Haha... "More awesome than ever." Tell me about the crashing, I want to hear about that. How that is more awesome than ever. Guess which button I clicked.

Btw, great horizontal scroll bar. That just makes it... more awesome.
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Visual C++ 2008 Express
Date: 4/9/2008
So I had reason to install Visual C++ 2008 Express today, mainly to compile some app that used SSE2 instructions in the inline assembly that Visual C++ 6 doesn't support. It's not like I'm changing religions.. *cough* I mean IDE versions or anything. Just compiling one app.

Anyway it took a right big ol steaming dump in my Firefox install didn't it. The .NET 3.5 installer without asking or warning in the least decides that it can install a Firefox add-on and modify the user agent string. Which is just wrong, WRONG, WRONG!. No Microsoft, you MAY NOT INSTALL ANY CRAP IN MY BROWSER FULLSTOP. No add-ons, no silverlight, no .NET no NOTHING.

So. Deep breath. Google will aid you. 2 quick searches later I have the uninstall instructions. Basically it comes done to this:
  1. Remove the "{20a82645-c095-46ed-80e3-08825760534b}" reg key in
  2. Remove the folder
    C:\WINDOWS\Microsoft.NET\Framework\v3.5\Windows Presentation Foundation\DotNetAssistantExtension\
  3. Go into "about:config" in Firefox, search for this entry, right click on the entry and delete/clear it:
  4. Restart Firefox and you're back to being clean.

Take a deep breath of fresh, Microsoft free, air.

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Imap / Scribe v2
Date: 2/9/2008
After getting a gentle push to read the docs more carefully from the IMAP protocol mailing list guys I'm close to having an implementation that understand the BODYSTRUCTURE field such that it can be picky about which parts of the email's body to download. In the case that you have an email with a large attachment it seems obvious that the client downloads just the text/html part for display without immediately fetching the attachment. Well thats easier said than done. I've got some code now that extracts the body structure into a XML dom tree and I'm hoping to expose that to the UI layers in Scribe so that I can start picking which bits I need for display instead of fetching the entire body of the message. I'll have to synthesize similar functionality on the mail2 backend but that shouldn't be too much work. It's already half there with the attachments as separate child objects of the email.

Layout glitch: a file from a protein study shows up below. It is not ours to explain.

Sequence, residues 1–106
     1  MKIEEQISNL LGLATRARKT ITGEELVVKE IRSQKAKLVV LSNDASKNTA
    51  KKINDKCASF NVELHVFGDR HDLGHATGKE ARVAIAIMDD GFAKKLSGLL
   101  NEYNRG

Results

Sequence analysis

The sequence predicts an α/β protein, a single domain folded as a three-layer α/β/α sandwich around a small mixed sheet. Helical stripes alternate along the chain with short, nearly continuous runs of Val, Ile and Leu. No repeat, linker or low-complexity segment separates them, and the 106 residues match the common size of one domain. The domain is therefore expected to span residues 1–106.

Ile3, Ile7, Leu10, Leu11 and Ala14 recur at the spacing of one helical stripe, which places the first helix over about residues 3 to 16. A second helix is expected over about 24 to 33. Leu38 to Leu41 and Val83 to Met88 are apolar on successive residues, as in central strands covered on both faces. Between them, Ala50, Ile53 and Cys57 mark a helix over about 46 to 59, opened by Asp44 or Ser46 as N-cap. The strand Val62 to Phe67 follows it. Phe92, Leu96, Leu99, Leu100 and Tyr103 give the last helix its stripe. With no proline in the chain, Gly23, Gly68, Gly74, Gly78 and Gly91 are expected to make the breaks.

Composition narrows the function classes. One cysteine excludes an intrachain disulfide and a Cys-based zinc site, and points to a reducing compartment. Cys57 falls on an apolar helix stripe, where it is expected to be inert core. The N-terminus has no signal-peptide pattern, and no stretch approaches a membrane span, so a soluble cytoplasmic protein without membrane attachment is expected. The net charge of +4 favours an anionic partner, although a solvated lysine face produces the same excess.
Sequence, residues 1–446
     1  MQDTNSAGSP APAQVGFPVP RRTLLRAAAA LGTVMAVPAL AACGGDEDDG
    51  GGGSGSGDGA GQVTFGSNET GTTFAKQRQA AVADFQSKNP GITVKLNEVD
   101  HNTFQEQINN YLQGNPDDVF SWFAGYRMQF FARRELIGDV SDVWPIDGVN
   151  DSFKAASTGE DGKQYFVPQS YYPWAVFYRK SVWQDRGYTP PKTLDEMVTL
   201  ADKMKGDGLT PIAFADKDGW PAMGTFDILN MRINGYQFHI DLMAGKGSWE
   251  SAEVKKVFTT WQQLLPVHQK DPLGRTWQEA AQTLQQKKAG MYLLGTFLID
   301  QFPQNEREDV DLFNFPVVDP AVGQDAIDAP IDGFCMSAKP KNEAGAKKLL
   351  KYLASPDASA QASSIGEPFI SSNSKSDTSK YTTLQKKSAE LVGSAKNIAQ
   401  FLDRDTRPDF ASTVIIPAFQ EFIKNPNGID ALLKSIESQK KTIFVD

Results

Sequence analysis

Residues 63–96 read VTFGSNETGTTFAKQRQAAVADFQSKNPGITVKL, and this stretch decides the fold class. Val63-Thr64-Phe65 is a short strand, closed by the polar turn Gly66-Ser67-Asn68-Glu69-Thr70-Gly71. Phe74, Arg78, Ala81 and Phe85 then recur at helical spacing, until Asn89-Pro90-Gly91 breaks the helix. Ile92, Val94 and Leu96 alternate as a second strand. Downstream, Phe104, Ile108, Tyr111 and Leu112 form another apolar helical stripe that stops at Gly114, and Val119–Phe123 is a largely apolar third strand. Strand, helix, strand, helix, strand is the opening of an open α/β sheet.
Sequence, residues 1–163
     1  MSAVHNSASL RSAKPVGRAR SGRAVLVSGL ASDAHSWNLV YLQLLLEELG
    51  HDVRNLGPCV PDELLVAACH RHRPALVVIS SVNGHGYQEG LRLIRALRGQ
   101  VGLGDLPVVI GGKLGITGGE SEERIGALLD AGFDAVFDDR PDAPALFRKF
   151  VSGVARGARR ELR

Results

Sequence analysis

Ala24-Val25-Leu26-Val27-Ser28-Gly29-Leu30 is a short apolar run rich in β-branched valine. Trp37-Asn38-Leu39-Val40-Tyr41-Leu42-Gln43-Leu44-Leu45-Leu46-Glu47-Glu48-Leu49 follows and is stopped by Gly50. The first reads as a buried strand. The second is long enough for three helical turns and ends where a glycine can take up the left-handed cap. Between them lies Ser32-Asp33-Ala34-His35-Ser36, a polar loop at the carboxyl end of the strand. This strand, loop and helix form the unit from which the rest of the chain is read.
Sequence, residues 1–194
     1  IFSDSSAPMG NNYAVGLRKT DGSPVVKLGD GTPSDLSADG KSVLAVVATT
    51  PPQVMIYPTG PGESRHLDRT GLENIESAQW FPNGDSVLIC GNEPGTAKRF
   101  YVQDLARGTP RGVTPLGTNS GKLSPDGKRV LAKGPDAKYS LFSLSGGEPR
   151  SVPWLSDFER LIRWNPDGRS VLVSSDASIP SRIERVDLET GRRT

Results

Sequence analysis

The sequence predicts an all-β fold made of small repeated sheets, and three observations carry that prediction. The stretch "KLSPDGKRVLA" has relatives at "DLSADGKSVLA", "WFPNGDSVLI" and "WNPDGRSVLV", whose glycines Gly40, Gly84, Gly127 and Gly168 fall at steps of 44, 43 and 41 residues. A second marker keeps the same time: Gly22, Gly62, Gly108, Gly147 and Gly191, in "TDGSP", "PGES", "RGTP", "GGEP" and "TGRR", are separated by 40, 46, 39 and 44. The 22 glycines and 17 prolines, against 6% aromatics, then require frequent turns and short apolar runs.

However the whole caching model is taking longer than I anticipated to get running smoothly. I keep finding that email is falling through cracks or asserts firing, telling me that something couldn't be found when it really should be there. Clearly it's a non trivial piece of code.

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DVB → Mp4
Date: 2/9/2008
For a long time I've had a private stock app that manages encoding DVB mpeg2 to whatever compressed video format is in fashion. Which at the moment is H.264.

So anyway recently I started pushing HD through it and well it did not like that at all. Basically after much head scratching I worked out that avisynth, which serves up frames to x264 was "guessing" the length of the input mpeg2 file, or more correctly, one of the filters in it's direct show graph was doing the guess. Unfortunately, because Avisynth has to report an exact length of it's AVI at startup it means that the video stream is only ever as long as Avisynth's "guess". This is unacceptable, and there is only one route around this, and that is not to use direct show (i.e. DirectShowSource). So the option is using Mpeg2source filter plugin (oh no yet another dependency!). And that relies on an indexer to produce d2v indexes of the mpeg2 first. So now my graph looks like this:

This is a graphical editor for video processing blocks that I've been working on. Essentially the current system is a hardcoded version of this, but when I'm done, all the same functionality will be plug and play, probably with some scripting support as well.

This week I did finally get my mpeg parsing library up to snuff so that it can dump out all the meta data for a mpeg video stream (not PS/TS, just video at this stage) which is a good step forward. At the moment the mpeg2demux stage runs Pvastrumento which is the best error correcting demuxer available. However I'm about halfway to having a demuxer myself, and I suspect that I can create something that can compete with the error correcting capabilities of Pvastrumento and probably produce a d2v file in the process. So that would greatly simplify the whole diagram and get rid of that ungainly d2v indexing step.

Eventually I'll build up a library of components and graphs to handle the vast majority of media re-encoding needs and possibly release it as an application.